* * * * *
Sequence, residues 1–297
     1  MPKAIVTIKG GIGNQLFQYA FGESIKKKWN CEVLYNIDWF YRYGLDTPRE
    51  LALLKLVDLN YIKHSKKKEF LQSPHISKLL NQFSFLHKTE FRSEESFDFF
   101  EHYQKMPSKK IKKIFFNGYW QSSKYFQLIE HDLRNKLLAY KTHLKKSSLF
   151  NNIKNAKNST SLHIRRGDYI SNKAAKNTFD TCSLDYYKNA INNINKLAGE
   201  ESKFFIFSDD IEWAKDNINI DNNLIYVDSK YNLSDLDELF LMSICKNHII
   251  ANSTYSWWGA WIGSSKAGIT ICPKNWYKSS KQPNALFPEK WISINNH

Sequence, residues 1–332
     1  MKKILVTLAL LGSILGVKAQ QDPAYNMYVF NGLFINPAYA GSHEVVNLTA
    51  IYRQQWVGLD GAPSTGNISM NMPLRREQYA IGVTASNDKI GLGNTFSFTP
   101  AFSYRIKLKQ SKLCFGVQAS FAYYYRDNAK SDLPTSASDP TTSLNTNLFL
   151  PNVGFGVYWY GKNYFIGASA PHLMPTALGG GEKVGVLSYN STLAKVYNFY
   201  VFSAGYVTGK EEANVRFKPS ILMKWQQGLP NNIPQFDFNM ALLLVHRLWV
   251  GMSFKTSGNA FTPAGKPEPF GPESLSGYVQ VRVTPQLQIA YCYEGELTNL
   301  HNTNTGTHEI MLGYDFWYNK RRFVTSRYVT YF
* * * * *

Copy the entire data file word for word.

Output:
Sequence, residues 1–297
     1  MPKAIVTIKG GIGNQLFQYA FGESIKKKWN CEVLYNIDWF YRYGLDTPRE
    51  LALLKLVDLN YIKHSKKKEF LQSPHISKLL NQFSFLHKTE FRSEESFDFF
   101  EHYQKMPSKK IKKIFFNGYW QSSKYFQLIE HDLRNKLLAY KTHLKKSSLF
   151  NNIKNAKNST SLHIRRGDYI SNKAAKNTFD TCSLDYYKNA INNINKLAGE
   201  ESKFFIFSDD IEWAKDNINI DNNLIYVDSK YNLSDLDELF LMSICKNHII
   251  ANSTYSWWGA WIGSSKAGIT ICPKNWYKSS KQPNALFPEK WISINNH

Sequence, residues 1–332
     1  MKKILVTLAL LGSILGVKAQ QDPAYNMYVF NGLFINPAYA GSHEVVNLTA
    51  IYRQQWVGLD GAPSTGNISM NMPLRREQYA IGVTASNDKI GLGNTFSFTP
   101  AFSYRIKLKQ SKLCFGVQAS FAYYYRDNAK SDLPTSASDP TTSLNTNLFL
   151  PNVGFGVYWY GKNYFIGASA PHLMPTALGG GEKVGVLSYN STLAKVYNFY
   201  VFSAGYVTGK EEANVRFKPS ILMKWQQGLP NNIPQFDFNM ALLLVHRLWV
   251  GMSFKTSGNA FTPAGKPEPF GPESLSGYVQ VRVTPQLQIA YCYEGELTNL
   301  HNTNTGTHEI MLGYDFWYNK RRFVTSRYVT YF